OxyContin pills at a pharmacy in Montpelier, Vt. (AP Photo/Toby Talbot, File)

Lawyer for opioid maker says U.S. lawsuit won’t affect B.C. suit

Johnson & Johnson lawyer says Oklahoma ruling has no binding impact

A lawyer for Johnson & Johnson says a civil judgment from an Oklahoma court that ruled the companies helped fuel the state’s opioid crisis has no binding impact on other courts.

B.C. Attorney General David Eby has said while the legal action in the province is against dozens of manufacturers and others, the cases are based on similar facts. He and other legal experts have said the court ruling is a positive sign for litigation in Canada.

Sabrina Strong, outside counsel for Johnson & Johnson and its pharmaceutical subsidiary Janssen, says the court’s decision will not impact how the company approaches legal actions elsewhere, given the different jurisdictions, laws, defendants and claims in those cases.

The B.C. government filed a proposed class-action lawsuit a year ago alleging drug manufactures falsely marketed opioids as less addictive than other pain drugs, helping to trigger an overdose crisis that has killed thousands since OxyContin was introduced to the Canadian market in 1996.

Ontario and New Brunswick have announced they will participate in B.C.’s lawsuit, and Eby says Newfoundland and Labrador, Nova Scotia and Quebec are participating in a national working group on the case.

None of the allegations in the lawsuit has been tested in court.

Purdue Pharma, the maker of OxyContin and another defendant in B.C.’s lawsuit, has said that it followed all of Health Canada’s regulations, including those governing marketing, and it’s very concerned about the opioid crisis in B.C. and across Canada.

Johnson & Johnson is appealing the Oklahoma court decision, which ordered the company to pay US$572 million, and says it is confident it has strong ground for its appeal. Attorneys for the company have maintained that they were part of a lawful and heavily regulated industry subject to strict federal oversight.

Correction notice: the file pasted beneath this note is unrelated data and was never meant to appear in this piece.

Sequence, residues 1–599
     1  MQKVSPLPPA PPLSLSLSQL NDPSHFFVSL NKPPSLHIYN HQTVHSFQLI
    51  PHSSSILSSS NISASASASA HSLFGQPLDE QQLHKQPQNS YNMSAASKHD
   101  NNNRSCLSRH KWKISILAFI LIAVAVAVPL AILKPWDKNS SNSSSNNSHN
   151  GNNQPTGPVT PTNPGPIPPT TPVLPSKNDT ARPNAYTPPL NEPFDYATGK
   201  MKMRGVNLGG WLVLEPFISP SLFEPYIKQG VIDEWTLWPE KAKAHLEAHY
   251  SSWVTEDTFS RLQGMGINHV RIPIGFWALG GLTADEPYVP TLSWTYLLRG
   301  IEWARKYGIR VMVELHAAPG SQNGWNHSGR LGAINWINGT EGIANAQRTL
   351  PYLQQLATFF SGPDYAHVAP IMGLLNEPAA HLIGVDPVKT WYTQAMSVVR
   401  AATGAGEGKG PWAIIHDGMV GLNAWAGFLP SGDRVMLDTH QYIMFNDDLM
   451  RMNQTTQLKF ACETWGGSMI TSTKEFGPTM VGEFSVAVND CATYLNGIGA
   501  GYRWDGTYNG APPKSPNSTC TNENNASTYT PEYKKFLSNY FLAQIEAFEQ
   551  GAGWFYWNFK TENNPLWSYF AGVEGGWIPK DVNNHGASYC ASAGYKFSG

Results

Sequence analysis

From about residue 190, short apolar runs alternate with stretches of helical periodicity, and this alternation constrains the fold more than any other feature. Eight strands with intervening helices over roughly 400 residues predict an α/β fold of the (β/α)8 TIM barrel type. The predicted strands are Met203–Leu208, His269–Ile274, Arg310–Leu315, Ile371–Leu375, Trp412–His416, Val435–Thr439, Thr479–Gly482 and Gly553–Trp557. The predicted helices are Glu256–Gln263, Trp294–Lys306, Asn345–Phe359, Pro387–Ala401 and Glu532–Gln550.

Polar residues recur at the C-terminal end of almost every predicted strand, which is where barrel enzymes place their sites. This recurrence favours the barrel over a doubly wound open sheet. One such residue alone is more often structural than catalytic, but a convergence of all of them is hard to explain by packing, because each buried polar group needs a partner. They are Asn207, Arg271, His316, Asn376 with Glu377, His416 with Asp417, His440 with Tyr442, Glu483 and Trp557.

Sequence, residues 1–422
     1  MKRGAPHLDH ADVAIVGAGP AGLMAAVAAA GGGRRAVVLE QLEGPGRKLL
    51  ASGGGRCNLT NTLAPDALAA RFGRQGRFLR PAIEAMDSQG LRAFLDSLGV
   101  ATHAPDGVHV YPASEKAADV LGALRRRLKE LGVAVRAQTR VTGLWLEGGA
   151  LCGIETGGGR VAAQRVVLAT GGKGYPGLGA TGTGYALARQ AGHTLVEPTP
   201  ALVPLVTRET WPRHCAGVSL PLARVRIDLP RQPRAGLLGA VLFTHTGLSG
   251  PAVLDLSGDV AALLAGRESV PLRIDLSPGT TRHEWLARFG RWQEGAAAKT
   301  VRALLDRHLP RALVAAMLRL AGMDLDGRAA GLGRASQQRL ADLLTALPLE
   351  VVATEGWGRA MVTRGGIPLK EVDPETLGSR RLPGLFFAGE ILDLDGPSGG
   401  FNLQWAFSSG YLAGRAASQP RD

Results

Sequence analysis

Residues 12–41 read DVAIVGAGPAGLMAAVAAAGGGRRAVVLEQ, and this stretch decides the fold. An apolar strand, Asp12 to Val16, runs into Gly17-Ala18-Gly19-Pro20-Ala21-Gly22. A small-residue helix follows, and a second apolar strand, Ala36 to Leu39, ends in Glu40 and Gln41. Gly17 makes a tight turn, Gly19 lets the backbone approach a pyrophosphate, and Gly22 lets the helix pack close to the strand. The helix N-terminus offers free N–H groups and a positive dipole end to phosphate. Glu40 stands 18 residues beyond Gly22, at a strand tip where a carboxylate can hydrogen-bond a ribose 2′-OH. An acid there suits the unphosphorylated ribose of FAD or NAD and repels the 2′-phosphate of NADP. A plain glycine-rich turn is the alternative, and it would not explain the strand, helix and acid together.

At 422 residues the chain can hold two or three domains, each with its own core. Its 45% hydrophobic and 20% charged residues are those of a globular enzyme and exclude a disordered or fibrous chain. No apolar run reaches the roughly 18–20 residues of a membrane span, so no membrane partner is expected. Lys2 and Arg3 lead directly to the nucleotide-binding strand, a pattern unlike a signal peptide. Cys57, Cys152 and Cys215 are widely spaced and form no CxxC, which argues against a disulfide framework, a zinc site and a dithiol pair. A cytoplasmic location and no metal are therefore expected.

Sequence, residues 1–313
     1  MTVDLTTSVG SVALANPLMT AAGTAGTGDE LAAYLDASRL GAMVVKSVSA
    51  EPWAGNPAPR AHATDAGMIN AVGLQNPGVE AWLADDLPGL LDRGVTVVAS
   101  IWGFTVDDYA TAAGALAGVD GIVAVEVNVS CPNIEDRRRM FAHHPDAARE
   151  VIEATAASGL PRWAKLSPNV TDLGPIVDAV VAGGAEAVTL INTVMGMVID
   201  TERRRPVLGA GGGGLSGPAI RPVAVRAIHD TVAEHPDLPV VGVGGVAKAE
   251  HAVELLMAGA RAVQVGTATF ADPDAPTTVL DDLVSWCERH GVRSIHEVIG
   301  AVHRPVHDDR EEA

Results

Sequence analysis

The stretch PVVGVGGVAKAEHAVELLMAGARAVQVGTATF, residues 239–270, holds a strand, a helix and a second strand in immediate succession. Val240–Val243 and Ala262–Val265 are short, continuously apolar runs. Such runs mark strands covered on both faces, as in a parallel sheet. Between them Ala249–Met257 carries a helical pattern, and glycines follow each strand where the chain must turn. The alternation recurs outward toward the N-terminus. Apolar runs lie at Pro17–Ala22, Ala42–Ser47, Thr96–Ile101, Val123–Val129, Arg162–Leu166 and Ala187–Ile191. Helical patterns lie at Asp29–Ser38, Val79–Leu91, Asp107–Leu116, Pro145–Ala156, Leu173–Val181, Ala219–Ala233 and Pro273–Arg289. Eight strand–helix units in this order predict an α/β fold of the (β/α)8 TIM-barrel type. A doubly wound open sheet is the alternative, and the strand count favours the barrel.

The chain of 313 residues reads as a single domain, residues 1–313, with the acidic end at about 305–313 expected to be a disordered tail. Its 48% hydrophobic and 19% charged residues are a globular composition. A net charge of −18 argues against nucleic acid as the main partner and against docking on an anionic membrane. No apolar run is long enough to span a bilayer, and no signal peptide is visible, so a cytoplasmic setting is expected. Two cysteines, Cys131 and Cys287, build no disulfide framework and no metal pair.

The Canadian Press

Like us on Facebook and follow us on Twitter

Get local stories you won't find anywhere else right to your inbox.
Sign up here

Just Posted

Plans released for new outdoor pool in Enderby

City shares plans for pool’s location, cost estimates, design features and more

Vernon ‘schools are healthy’: IH medical health officer

Children have a low risk of catching and spreading COVID-19

North Okanagan-Shuswap MP: Throne speech shows failures in COVID-19 response

Mel Arnold critical of Trudeau government’s throne speech Wednesday

2020 overdose death toll rises to 73 in the Okanagan

Just under half of the deaths occurred in Kelowna

COVID-19 picture ‘much clearer,’ says Interior Health president

As fall routines set in, IH CEO Susan Brown reminds public to be vigilant in preventative practices

BC Liberal Leader talks drug addiction in the Lower Mainland

Drug addiction and public safety a top priority says Andrew Wilkinson

Kamloops Mounties happened upon alleged gang-related robbery, kidnapping

Michael Mathieson is charged with armed robbery, unlawful confinement and kidnapping

Pandemic derails CP Holiday Train

Canadian Pacific will work to get donations to food banks while also producing an online music concert

Join Black Press Media and Do Some Good

Pay it Forward program supports local businesses in their community giving

Interior Health reports five new COVID-19 cases

Across the region, 34 cases are active

Vanderhoof’s Brian Frenkel takes on top job in tough times

We can get through this, new local government leader says

Penticton quadruple murder trial begins in Kelowna next month

John Brittain, 69, is facing three counts of first-degree murder and one count of second-degree murder

Historic BC Tree Fruits head office in Okanagan for sale

The company’s CEO said the decision was necessary due to a fickle fruit market

Most Read